Use of Plastic (PVC & CPVC) Piping
For Potable Water Systems
With the price of copper increasing, building owners and contractors frequently consider plastic piping (specifically, CPVC) for potable (domestic) water distribution within buildings.
Both copper and CPVC have practical benefits as well as disadvantages. A practical comparison of the “pro’s and con’s” of copper verses plastic pipe is available from CASCO upon request.
Although CPVC piping is allowed by virtually all major building codes, there are health considerations that may favor the use of copper, especially when the piping system involves water spray or vaporization which could be inhaled by humans, thereby risking exposure to Legionnaires’ disease.
CASCO’s research revealed a number of articles in which showers were alleged to be the source of Legionella infection in humans. A number of articles allege that copper tubing introduces properties into potable water that reduces the propensity for Legionella strains to develop or exist. CASCO’s research does not, however, lead to a conclusive determination that CPVC piping breeds Legionella, nor that copper will, in fact, prevent Legionella.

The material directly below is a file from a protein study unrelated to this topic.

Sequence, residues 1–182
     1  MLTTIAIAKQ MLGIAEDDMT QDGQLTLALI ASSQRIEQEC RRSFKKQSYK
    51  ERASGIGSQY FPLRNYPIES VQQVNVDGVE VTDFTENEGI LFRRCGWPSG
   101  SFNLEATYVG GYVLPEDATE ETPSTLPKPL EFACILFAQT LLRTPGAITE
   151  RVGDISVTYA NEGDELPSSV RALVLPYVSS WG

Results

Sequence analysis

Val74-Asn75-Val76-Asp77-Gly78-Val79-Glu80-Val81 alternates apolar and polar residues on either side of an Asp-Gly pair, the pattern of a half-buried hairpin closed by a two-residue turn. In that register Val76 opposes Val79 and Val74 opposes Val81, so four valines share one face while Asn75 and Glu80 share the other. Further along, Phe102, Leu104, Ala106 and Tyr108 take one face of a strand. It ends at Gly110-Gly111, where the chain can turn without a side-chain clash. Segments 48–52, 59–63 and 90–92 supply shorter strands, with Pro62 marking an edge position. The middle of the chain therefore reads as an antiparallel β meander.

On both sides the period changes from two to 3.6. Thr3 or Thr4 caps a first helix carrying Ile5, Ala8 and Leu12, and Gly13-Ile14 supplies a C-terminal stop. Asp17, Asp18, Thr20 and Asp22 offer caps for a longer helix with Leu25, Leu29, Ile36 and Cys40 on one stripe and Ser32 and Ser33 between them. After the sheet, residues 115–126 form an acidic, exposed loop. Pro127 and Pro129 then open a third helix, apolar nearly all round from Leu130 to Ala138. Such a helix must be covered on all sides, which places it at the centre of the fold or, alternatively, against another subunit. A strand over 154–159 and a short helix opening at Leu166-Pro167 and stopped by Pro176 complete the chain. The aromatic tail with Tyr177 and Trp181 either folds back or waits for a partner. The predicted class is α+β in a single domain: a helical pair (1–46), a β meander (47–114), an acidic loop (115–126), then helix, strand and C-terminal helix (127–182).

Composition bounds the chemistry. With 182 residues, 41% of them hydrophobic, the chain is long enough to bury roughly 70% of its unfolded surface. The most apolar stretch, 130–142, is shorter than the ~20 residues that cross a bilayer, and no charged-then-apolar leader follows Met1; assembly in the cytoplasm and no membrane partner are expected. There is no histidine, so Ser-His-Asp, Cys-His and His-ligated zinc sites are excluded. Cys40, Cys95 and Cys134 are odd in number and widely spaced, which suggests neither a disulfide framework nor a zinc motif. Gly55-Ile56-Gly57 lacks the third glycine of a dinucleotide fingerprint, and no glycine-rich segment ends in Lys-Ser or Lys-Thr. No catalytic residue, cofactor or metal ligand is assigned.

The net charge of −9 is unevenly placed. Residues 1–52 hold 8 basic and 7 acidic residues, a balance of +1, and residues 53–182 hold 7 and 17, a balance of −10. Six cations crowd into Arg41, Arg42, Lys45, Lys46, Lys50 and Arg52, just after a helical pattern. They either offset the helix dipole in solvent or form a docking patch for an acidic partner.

CASCO continues to recommend copper tubing for all potable water piping and particularly for all applications involving bathing, showers, cooking, dishwashing, whirlpool tubs, and other uses where water is sprayed or vaporized. Clients and/or Contractors making an economic decision to use CPVC piping should do so only on an informed basis realizing the potential risk involved.